Gophers prep for Texas Bowl against Syracuse

Minnesota beat Syracuse 17-10 last season at TCF Bank Stadium.

Minnesota running back Donnell Kirkwood escapes Orange line backer Siriki Diabate on Saturday at TCF Banks Stadium.

Anthony Kwan

Minnesota running back Donnell Kirkwood escapes Orange line backer Siriki Diabate on Saturday at TCF Banks Stadium.

Jack Satzinger

Minnesota’s past two games were low-scoring affairs against defensive-minded teams.

And the Gophers (8-4, 4-4 Big Ten) should expect more of the same as they face off with Syracuse (6-6, 4-4 ACC) in the Texas Bowl on Friday night in Houston, Texas.

That’s because Syracuse’s Scott Shafer and Minnesota’s Jerry Kill have similar backgrounds.

“We both came through Northern Illinois,” Kill said at a press conference Thursday. “We both pride ourselves on great defense and not turning the ball over, playing physical, running the football.”

The Gophers calling card all season has been running the football. And that identity shined as the team averaged 201 rushing yards per game.

David Cobb became the program’s first 1,000-yard rusher since 2006, wide receivers routinely took jet sweeps, and quarterbacks Philip Nelson and Mitch Leidner  combined for 13 rushing touchdowns.

While the Gophers’ strength is the run, Syracuse’s forte is stopping it.

The Orange are the only team in the nation that hasn’t allowed a 100-yard rusher this season.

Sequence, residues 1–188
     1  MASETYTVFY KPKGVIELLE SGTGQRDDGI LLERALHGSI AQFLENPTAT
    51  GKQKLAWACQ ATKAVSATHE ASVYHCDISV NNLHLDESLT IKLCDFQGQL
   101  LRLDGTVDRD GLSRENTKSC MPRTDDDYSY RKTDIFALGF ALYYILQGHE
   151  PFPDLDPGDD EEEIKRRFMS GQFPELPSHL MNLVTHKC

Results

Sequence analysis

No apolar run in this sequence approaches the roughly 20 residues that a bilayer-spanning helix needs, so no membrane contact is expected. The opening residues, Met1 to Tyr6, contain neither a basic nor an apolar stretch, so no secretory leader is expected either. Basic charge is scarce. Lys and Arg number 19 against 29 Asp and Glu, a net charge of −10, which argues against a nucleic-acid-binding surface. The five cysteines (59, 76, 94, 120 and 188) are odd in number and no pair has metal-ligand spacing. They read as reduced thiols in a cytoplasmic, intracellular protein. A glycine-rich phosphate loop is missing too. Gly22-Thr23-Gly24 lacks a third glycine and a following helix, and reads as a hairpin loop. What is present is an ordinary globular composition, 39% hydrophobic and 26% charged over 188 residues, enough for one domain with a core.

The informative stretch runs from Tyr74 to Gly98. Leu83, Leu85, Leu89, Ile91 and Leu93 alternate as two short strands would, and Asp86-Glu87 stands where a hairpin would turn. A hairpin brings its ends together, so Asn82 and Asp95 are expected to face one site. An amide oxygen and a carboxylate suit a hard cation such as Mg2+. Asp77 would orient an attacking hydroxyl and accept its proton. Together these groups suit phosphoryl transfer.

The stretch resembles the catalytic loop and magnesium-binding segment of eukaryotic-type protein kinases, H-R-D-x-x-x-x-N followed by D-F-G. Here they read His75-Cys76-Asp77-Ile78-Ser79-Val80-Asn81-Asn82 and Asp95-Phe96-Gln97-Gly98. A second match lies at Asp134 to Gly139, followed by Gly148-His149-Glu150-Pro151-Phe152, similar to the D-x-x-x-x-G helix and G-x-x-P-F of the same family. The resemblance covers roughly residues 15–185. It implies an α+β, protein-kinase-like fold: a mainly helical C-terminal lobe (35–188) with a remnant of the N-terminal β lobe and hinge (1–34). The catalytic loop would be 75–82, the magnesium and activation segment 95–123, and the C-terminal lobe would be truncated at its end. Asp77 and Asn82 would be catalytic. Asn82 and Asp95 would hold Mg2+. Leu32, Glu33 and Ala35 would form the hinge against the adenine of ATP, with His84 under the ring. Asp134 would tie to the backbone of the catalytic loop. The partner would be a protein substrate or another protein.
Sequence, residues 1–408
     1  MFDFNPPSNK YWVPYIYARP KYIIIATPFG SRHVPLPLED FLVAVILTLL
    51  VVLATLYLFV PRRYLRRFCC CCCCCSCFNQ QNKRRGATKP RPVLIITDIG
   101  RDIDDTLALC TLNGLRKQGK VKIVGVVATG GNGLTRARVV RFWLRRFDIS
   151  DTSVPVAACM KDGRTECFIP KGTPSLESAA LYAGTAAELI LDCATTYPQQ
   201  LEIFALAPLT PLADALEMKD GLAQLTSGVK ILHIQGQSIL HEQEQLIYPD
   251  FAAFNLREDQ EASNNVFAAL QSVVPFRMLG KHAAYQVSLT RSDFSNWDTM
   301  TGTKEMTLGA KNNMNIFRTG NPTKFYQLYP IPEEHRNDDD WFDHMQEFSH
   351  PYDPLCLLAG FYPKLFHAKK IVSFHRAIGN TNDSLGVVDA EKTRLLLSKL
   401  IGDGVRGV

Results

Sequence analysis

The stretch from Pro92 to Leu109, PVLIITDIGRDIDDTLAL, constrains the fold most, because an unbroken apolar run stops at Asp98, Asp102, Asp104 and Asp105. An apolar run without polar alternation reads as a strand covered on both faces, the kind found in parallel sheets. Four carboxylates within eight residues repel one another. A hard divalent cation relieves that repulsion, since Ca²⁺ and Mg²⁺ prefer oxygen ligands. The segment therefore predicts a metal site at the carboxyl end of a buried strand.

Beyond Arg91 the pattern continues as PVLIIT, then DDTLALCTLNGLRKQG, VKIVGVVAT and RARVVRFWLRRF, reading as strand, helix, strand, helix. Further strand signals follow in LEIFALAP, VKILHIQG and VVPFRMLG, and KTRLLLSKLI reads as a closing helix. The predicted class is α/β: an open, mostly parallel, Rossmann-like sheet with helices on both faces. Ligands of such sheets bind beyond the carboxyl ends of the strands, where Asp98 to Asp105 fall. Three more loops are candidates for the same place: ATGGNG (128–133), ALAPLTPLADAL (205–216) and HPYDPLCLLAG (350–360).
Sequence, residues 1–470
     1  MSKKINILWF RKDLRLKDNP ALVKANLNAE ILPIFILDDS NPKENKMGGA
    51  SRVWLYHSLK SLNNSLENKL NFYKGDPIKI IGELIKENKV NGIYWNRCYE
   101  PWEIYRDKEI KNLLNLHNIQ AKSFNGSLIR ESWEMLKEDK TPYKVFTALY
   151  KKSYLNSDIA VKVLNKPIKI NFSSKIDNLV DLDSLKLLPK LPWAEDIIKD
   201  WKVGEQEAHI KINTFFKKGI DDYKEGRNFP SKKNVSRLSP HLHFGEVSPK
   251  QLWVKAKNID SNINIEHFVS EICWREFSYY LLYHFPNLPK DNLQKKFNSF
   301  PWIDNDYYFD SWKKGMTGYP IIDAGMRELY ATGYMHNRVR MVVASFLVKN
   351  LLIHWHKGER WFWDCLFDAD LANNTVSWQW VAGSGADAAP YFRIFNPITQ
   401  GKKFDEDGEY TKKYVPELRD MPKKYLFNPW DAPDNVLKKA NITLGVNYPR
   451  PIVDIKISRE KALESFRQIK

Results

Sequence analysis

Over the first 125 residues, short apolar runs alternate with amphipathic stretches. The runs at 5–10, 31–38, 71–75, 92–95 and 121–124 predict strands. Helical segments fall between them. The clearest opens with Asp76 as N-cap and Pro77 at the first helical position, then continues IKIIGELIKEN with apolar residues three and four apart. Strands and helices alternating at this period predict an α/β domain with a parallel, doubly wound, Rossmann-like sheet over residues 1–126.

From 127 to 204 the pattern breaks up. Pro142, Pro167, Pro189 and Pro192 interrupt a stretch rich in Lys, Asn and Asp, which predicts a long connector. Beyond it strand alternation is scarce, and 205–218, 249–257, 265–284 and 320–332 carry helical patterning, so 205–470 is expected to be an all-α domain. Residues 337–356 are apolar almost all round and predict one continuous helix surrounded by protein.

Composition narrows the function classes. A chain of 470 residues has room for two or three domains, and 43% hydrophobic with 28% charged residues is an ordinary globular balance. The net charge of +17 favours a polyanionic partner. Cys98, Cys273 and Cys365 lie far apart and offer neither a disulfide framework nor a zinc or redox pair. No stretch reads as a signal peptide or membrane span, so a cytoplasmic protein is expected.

“We definitely take it as a challenge and it’s a great challenge to be on ESPN and play against a great defense like those guys,” Cobb told reporters Thursday. “The past two weeks we played against pretty good defenses.”

Syracuse also plays smash-mouth offense, averaging 194 rushing yards per game.

Still, that doesn’t necessarily mean it doesn’t have explosive athletes.

“They like to get their guys in space,” defensive back Brock Vereen told reporters Thursday. “They’re really athletic and when their athletes are in space they can make plays.

“You definitely don’t want to give them too much room.”

While dealing with an offense that presents multiple looks requires attention to detail, the Gophers appear more focused than ever.

Minnesota standout senior defensive lineman Ra’Shede Hageman said playing in the Texas Bowl last year has his team focused and knowing what to expect.

“There’s a lot of leadership going on,” Hageman told reporters Thursday.

Hageman said Kill advised his players to keep things simple and not overthink their final game of this season.

That’s no surprise. Minnesota has kept things simple all season, playing with more substance than flair.

So has Syracuse, which puts extra emphasis on the battle up front Friday night.

 “Whoever … controls the line of scrimmage will be more successful,” Cobb said.